Wednesday, November 20, 2013

Under thine own life's key

Back when Mis Hermanas and I were only allowed to watch pre-1970s movies, we ended up watching a lot of WWII films ... and a lot of those were POW movies. (The Great Escape remains to this day the one film I have seen the most in my life, due to watching it every other weekend one summer in middle school.)

There are very few women in war movies. But when we'd play-act or write (we would have "travelling stories" sessions where we'd each write for 10 minutes, then trade and keep finishing each other's stories), we'd insert ourselves or kick-ass girls into the storyline as if their war experience could be equal to those of men.  Once, I even turned in a story in high school about a female pilot shot down over Germany who escapes from a POW camp; my English teacher hailed it as a good idea for story contest and history research project.

So stories about female pilots shot down over occupied Europe in WWII were already familiar terrain for me.

But I read Code Name Verity on the recommendation of a friend, thinking it would be a Spy Kids kind of storyline... or even one along the lines of the Maggie Hope series.

Instead, Code Name Verity had me sobbing for the last few chapters. It's the story of two best friends, female civilian pilots who ferry planes for airborne servicemen to use. When shot down in occupied France, one is captured and tortured for information, and one is not. The story of their friendship and fates is told captivatingly through diaries and journal entries.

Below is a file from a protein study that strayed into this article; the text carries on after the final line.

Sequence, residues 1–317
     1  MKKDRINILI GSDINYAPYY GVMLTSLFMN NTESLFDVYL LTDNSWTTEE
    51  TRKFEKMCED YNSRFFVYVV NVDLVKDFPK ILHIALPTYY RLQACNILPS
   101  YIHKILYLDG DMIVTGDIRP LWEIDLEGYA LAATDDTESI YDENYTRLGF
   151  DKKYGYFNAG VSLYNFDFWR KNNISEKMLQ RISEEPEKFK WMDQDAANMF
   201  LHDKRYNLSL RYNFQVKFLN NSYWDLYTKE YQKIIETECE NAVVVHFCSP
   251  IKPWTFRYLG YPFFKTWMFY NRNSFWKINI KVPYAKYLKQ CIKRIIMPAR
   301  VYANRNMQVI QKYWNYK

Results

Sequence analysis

The sequel, Rose Under Fire, was actually heavier in content than its predecessor (I didn't think it could be, but it was). Rose is also the story of a female pilot, shot down over Germany towards the end of the war. She is thrown into the infamous Ravensbrück concentration camp and shares a bunker with a (real life) group of Polish prisoners who have been the subject of Nazi medical experiments. It evoked memories of specific passages from both Night and Survival in Auschwitz that, even years later, I can never forget.

Wein's writing style reflects the fact that the books are written for young adults, and the characters are all young women in their late teens who are still navigating their place in a male-dominated world. The characters struggle to find -- and maintain --  their own voices amidst chaos and utter brutality: the respective themes of the books are "I have told the truth" and "Tell the world".

The books are heartbreaking and heart-wrenching, but they speak to the simple heroism of survival and the enduring power of friendship. I'm definitely adding these books to my collection of WWII fiction for young adults.

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